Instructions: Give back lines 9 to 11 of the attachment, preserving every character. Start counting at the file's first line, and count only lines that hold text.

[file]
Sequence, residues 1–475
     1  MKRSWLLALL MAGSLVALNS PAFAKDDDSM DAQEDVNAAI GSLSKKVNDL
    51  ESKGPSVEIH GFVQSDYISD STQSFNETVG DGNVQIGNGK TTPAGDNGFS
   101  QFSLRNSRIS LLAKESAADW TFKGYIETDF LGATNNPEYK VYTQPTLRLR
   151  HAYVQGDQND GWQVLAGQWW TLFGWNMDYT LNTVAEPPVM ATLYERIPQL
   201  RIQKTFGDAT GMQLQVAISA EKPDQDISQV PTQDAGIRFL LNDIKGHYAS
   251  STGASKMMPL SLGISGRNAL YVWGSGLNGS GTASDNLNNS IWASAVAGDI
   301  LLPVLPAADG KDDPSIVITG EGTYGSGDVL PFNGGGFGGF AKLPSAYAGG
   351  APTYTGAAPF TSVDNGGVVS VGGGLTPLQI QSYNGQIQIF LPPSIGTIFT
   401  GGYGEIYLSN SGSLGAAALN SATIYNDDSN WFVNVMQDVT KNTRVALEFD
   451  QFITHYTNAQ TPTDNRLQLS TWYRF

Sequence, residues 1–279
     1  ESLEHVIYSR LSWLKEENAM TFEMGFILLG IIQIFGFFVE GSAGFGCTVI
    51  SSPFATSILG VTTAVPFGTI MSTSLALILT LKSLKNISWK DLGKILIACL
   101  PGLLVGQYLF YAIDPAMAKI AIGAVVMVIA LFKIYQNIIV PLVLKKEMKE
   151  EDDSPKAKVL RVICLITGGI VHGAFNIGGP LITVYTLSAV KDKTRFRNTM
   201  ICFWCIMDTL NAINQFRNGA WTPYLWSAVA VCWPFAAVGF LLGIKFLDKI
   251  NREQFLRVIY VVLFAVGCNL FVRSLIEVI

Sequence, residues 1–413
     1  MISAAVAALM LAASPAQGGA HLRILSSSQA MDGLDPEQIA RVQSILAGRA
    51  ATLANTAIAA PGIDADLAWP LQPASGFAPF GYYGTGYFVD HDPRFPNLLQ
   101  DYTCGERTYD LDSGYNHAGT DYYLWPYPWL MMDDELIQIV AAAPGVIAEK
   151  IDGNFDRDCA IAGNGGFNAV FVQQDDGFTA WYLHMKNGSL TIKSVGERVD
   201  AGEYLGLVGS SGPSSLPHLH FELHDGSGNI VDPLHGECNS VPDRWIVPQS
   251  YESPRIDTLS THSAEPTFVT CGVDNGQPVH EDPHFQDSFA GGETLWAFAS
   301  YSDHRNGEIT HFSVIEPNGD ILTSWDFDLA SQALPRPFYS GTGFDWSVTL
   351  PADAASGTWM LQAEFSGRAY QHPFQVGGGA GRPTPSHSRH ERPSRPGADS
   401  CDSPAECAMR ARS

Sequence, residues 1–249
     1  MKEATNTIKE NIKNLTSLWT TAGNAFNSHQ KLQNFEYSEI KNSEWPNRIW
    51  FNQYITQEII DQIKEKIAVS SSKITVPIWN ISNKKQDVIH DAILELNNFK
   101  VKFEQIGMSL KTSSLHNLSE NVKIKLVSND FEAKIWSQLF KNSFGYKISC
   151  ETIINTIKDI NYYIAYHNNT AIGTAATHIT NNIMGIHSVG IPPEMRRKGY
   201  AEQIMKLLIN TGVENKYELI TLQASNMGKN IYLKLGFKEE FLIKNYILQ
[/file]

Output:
   351  APTYTGAAPF TSVDNGGVVS VGGGLTPLQI QSYNGQIQIF LPPSIGTIFT
   401  GGYGEIYLSN SGSLGAAALN SATIYNDDSN WFVNVMQDVT KNTRVALEFD
   451  QFITHYTNAQ TPTDNRLQLS TWYRF